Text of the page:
QUESTION #3 – How do you explain the disciples’ transformed lives? It was these eyewitness encounters that led to the radical change that we see in the lives of the disciples and multitudes of others. Before the resurrection, Peter was so terrified of the Roman and Jewish authorities that he denied Jesus three times. The other disciples fled when Jesus was arrested. They all were hiding in the Upper Room after the crucifixion. But something happened to transform them. Forty days after the resurrection, on the day of the Jewish feast of Pentecost, Peter stood in the middle of Jerusalem and proclaimed fearlessly that “You killed him (Jesus), but God raised him from the dead…and we are witnesses!”
Eventually, ten of the twelve, plus the Apostle Paul, would die martyr’s deaths for this proclamation. These men were willing to die horrendous deaths: crucifixion, flaying (skinned alive), stoning, and torture, for claiming that they saw Jesus risen and alive. How do you explain the transformed lives of the disciples?
These questions might not give you sufficient reason to believe. But if you chose not to believe, make sure you know why!
(To hear more about this subject, come join us Easter, 10:30 a.m., Highline Community Church, 6160 S. Wabash Way, Greenwood Village, CO 80111 or join us live stream at www.highlinecc.org)
I used to think it was strange to refer to the day that Jesus was crucified as “Good Friday.” It certainly didn’t seem good at the time. Let me tell you one reason why Good Friday is good.
In the Apostle Paul’s letter to the Colossians, he writes that through the cross of Christ the written charge against us has been cancelled. The word translated “written charge” is the Greek word cheirographon. It was primarily a business term used in the first century for a note or certificate of debt. It is synonymous with the Greek word epigraphon that was used when referring to the list of charges drawn up against a convicted criminal in the Roman court system.
In the Roman business world, when the debt had been paid, a word was written across the note of debt. That word was the Greek word tetelesthai meaning “paid in full.” The certificate with “paid in full” written on it was a receipt guaranteeing no further payments were necessary.
In the Roman judicial system, when punishment for a crime had been fulfilled, the same word was written across the list of charges, releasing the convicted criminal from any further punishment. In capital offenses, the Romans would nail the written charge to the top of the cross when the sentence called for crucifixion. That way all who passed by the hideous scene would know what led to this person’s execution. You might imagine that this approach was a powerful deterrent to crime! We are told that when Jesus Christ was crucified as a common criminal, Pilate had a written charge (epigraphon) drawn up and affixed to his cross. Pilate had found no guilt in Jesus, so the written charge read:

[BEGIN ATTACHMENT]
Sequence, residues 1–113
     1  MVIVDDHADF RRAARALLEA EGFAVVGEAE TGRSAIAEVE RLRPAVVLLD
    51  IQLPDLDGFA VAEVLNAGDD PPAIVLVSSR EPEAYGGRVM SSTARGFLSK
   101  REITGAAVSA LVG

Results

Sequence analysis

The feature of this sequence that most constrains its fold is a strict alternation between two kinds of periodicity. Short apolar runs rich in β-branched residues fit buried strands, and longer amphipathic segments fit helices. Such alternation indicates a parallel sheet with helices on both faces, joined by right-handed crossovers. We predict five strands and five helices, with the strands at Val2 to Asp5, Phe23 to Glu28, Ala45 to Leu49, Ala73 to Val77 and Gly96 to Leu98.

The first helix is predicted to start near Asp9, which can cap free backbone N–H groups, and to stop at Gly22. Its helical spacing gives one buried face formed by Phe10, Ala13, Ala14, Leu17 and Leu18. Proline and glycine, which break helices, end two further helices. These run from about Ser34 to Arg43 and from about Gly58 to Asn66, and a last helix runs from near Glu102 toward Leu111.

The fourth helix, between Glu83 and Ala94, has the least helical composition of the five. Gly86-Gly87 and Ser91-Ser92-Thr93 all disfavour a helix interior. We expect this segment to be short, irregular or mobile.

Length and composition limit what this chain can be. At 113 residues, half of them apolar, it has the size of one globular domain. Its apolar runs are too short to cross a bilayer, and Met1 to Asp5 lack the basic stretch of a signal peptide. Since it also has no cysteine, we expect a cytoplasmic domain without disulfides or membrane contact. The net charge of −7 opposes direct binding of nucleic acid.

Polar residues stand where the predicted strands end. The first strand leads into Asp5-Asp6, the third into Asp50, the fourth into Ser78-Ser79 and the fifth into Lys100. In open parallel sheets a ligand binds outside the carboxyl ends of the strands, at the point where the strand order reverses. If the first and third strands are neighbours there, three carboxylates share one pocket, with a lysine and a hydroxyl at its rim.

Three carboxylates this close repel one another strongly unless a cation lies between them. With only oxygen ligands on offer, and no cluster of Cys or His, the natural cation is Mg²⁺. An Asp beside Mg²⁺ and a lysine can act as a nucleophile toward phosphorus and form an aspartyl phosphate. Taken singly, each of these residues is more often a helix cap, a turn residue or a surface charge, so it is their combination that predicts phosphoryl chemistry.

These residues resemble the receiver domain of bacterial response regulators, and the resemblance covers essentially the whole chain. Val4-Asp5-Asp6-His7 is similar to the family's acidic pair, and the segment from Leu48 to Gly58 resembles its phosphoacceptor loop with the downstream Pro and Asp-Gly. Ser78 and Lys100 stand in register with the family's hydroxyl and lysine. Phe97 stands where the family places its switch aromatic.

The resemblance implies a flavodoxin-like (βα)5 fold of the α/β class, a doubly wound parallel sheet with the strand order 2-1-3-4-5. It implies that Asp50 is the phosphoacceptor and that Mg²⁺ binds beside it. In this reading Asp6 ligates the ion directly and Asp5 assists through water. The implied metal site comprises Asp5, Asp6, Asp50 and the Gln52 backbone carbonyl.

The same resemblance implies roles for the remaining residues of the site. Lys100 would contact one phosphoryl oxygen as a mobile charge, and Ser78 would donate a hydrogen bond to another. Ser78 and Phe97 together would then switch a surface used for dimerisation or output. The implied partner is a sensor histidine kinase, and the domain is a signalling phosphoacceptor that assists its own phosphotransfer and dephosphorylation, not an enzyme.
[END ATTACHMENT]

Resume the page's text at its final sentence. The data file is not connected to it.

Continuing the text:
This is Jesus, the King of the Jews, (Matthew 27:37).
These were the words people would read as they passed by the cross of Christ that day so long ago. But from God’s perspective something much more significant was taking place. What Paul tells us in Colossians 2:13-14 is that from God’s perspective it was our written charge, our cheirographon that was nailed to the cross of Christ. You might conceptualize this as a document containing every failure on your part to meet God’s standards morally, ethically, or spiritually in attitude, action, or intent. This certificate is a history of all the sin, trespass, and transgression of our lives – past, present, and future. For most of us, this would be a long and ugly document
When Jesus Christ was crucified, from God’s perspective, this document was nailed to the cross with him. Our sin is the true reason Jesus suffered such a brutal execution. He was paying the price to cancel our certificate of debt. Just before Jesus died we are told that he cried out from the cross. Most translations read that his cry was, “It is finished,” (John 19:30). But if you look at the Greek text, you will find that this cry was actually one word. Jesus cried out, “Tetelesthai!”… “Paid in full” was the triumphant declaration Jesus made with his dying breath. In that instant, God took our certificate of debt and cancelled it. You can think of it as God writing across the record of our sin, “Tetelesthai.” That is why Good Friday is so good!
(To hear more about this subject, come join us Easter, 10:30 a.m., Highline Community Church, 6160 S. Wabash Way, Greenwood Village, CO 80111)
Another good Sunday coming on Rt. 66. Check it out: